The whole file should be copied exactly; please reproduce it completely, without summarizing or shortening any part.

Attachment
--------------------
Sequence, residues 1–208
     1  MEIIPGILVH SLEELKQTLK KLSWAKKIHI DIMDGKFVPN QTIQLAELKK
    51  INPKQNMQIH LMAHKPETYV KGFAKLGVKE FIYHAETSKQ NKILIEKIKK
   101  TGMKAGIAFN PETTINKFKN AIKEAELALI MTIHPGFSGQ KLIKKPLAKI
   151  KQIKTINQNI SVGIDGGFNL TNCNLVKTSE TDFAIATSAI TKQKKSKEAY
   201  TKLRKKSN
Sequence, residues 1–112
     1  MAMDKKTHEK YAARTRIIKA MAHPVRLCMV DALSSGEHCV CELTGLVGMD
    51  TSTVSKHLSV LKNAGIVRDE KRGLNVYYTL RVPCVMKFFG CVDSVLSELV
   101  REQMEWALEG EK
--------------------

Sequence, residues 1–208
     1  MEIIPGILVH SLEELKQTLK KLSWAKKIHI DIMDGKFVPN QTIQLAELKK
    51  INPKQNMQIH LMAHKPETYV KGFAKLGVKE FIYHAETSKQ NKILIEKIKK
   101  TGMKAGIAFN PETTINKFKN AIKEAELALI MTIHPGFSGQ KLIKKPLAKI
   151  KQIKTINQNI SVGIDGGFNL TNCNLVKTSE TDFAIATSAI TKQKKSKEAY
   201  TKLRKKSN
Sequence, residues 1–112
     1  MAMDKKTHEK YAARTRIIKA MAHPVRLCMV DALSSGEHCV CELTGLVGMD
    51  TSTVSKHLSV LKNAGIVRDE KRGLNVYYTL RVPCVMKFFG CVDSVLSELV
   101  REQMEWALEG EK